Some may prefer their digital footprint to cease along with their physical departure. Those who are well-organized and prepared might furnish their families with passwords and usernames, enabling them to locate and delete their digital presence posthumously. However, this meticulous planning may seem inconsequential, considering the deceased won’t experience any digital versions of themselves created after death. Nonetheless, for some, the notion of someone resurrecting them digitally might feel ethically uncomfortable.

For those embracing technological possibilities, a multitude of apps allows us to contribute during our lifetimes, ensuring our “datafied” selves persist beyond death. These offerings, ranging from slightly eerie to innocuous, blur the lines between life and death.

Our digital profiles, or datafied selves, become a conduit for existence beyond death, potentially enabling social interactions that extend beyond our physical lifetimes. Consequently, the dynamics of the human community are evolving, allowing the deceased to be more present in the lives of the living than ever before. The impact on our autonomy and dignity has yet to be comprehensively considered in the realm of human rights, traditionally focused on physical life, now extending into the digital realm thanks to datafication and artificial intelligence, ensuring that our digital selves do not truly “die.”

Risks Associated with Creating Digital Immortals

The potential development of bots modeled after specific individuals carries significant implications for autonomy, consent, and privacy. Failing to establish standards that empower the original data creators with the right to grant or deny permission strips them of their choice.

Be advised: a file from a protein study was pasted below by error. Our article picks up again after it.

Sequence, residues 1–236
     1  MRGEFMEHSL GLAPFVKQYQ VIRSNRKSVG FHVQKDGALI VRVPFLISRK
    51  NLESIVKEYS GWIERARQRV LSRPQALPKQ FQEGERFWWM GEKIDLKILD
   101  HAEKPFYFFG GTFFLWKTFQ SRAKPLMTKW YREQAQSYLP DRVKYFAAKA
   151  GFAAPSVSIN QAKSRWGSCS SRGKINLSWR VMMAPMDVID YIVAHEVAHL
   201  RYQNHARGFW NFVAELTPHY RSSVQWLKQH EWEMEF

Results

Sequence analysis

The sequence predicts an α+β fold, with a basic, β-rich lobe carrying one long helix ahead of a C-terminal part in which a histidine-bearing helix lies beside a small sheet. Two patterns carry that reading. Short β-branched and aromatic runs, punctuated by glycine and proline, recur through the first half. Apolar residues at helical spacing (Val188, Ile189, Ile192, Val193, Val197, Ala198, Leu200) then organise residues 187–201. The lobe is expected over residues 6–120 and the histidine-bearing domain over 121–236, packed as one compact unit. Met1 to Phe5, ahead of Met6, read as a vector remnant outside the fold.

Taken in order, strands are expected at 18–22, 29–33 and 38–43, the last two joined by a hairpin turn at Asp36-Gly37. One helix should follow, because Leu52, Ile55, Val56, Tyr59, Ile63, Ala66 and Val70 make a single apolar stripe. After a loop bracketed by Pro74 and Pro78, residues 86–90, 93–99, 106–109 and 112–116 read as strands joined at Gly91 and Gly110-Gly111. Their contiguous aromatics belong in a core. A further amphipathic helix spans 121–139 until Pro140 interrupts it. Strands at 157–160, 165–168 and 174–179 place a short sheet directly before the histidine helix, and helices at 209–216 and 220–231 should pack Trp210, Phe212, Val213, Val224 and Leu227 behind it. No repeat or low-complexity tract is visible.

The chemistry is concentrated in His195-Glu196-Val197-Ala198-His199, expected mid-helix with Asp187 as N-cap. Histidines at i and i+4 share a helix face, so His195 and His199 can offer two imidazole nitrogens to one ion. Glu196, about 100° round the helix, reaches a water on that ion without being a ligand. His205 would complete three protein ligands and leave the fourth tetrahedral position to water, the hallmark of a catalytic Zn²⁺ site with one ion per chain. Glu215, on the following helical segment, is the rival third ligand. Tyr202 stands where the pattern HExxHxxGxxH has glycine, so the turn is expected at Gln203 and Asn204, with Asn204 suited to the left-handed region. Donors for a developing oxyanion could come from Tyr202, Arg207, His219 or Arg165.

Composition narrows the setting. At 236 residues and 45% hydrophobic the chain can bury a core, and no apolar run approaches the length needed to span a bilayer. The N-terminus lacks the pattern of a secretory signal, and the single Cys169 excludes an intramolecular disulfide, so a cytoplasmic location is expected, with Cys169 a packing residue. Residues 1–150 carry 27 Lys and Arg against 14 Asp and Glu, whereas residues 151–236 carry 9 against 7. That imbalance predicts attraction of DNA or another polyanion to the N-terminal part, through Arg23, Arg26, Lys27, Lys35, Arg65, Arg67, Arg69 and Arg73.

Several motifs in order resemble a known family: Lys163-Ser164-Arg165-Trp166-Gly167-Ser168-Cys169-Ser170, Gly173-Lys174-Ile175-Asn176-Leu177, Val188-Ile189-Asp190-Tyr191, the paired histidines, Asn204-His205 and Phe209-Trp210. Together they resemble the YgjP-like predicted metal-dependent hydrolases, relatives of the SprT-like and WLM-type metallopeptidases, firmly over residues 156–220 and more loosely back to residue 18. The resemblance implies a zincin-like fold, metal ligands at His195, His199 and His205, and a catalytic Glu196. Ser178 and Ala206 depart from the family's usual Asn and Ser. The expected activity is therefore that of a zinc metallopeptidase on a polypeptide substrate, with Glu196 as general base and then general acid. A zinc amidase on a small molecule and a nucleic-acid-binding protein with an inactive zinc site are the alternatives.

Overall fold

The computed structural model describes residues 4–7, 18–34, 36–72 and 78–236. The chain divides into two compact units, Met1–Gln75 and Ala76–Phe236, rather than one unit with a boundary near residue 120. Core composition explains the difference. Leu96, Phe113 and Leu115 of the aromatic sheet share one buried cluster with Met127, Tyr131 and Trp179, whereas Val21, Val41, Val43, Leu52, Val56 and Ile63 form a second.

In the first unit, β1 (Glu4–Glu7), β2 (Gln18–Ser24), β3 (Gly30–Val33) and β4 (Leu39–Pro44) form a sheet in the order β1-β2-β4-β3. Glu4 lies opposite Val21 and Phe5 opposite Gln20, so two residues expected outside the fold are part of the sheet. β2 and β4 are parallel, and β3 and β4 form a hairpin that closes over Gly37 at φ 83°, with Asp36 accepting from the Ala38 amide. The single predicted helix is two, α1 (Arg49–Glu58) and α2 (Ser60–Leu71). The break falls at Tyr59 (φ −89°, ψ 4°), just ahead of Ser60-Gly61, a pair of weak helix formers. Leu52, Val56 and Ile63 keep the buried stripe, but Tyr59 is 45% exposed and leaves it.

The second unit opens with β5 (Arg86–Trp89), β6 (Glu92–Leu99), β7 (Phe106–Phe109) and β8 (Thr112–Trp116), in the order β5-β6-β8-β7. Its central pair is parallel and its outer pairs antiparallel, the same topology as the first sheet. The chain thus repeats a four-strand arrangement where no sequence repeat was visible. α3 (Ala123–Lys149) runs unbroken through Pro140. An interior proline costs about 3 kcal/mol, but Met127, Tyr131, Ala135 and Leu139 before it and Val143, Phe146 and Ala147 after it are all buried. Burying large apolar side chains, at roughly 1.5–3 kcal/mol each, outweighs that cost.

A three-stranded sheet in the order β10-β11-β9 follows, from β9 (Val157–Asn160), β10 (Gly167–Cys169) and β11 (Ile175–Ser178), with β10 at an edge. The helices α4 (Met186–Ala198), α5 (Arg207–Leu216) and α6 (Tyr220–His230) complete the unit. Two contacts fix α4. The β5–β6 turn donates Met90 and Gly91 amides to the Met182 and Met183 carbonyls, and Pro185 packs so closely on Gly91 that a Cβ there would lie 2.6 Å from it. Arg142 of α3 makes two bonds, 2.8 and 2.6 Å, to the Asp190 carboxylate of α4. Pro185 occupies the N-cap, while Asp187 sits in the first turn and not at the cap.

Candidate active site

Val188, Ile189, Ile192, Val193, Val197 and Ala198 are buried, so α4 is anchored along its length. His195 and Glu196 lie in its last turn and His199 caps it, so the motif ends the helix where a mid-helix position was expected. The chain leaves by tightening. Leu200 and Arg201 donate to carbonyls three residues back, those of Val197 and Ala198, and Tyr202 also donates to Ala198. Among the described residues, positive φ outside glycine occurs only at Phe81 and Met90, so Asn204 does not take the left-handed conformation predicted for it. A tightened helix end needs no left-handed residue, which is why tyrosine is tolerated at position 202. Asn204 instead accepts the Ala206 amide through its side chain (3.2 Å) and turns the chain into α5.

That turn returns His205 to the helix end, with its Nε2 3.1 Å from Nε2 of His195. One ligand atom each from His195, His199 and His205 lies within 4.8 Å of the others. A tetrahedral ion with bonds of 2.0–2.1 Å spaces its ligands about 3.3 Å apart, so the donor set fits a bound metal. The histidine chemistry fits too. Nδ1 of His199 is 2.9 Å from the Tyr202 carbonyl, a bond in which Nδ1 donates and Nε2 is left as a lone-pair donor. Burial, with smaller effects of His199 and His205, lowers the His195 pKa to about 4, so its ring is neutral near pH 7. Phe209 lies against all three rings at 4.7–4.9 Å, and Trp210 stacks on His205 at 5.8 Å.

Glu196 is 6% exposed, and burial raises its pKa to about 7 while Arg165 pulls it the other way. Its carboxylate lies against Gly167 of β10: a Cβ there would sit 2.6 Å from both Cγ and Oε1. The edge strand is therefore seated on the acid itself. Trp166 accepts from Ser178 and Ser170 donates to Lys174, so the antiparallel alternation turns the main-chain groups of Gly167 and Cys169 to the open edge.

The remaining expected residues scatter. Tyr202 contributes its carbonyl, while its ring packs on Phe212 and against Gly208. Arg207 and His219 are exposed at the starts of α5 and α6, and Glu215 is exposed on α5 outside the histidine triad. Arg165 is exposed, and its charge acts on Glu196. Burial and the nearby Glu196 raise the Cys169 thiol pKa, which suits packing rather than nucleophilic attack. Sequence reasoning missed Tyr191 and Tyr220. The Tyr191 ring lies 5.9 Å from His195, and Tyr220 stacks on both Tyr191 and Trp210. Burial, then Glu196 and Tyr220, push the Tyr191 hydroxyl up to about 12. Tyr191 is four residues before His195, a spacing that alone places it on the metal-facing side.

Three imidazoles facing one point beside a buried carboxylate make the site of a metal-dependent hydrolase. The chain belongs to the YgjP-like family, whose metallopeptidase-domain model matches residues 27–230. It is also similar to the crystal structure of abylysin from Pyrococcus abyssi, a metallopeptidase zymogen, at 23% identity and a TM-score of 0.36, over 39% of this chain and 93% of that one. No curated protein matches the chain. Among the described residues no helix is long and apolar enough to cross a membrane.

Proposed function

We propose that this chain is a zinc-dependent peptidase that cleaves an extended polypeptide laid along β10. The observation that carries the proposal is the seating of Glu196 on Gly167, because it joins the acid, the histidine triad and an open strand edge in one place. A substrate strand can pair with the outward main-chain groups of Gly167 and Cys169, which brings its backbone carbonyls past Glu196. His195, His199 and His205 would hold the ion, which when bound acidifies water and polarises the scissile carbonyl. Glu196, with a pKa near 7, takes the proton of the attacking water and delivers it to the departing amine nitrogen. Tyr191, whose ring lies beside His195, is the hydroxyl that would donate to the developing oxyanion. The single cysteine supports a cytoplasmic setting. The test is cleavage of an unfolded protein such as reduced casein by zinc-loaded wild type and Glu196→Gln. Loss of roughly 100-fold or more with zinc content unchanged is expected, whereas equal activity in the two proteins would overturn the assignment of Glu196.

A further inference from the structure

Should technologies like the Microsoft chatbot patent be implemented, it poses challenges to human dignity. While the concept of someone “resurrecting us” might seem acceptable when viewing data as mere “by-products” of individuals, if data represents more than remnants but encapsulates our identities, caution is warranted before permitting the digital replication of people.

The desire for digital immortality often stems from a wish to allow future generations to interact with our virtual selves. Achieving perpetual preservation requires trust in data collectors and service providers to safeguard and faithfully represent our data. However, envisioning scenarios where malicious actors manipulate data to alter outcomes poses a risk of our digital immortal selves significantly deviating from our authentic identities. The absence of a human rights language to address such transgressions complicates matters, and the uncertainty about whether a digital person qualifies as “human” raises questions about extending protections against ill treatment, torture, and degradation.

Technical challenges in the digital afterlife include the dynamic nature of algorithms and computing protocols, with potential changes rendering certain data illegible. Anticipating all possible alterations when granting consent becomes challenging in the ever-evolving digital landscape.

In the digital era, our data persists independently of our awareness and mortality, thanks to datafication. Without establishing human rights protections to prevent unauthorized uses of our posthumous selves, we risk becoming digital immortals crafted by others.

No comments

leave a comment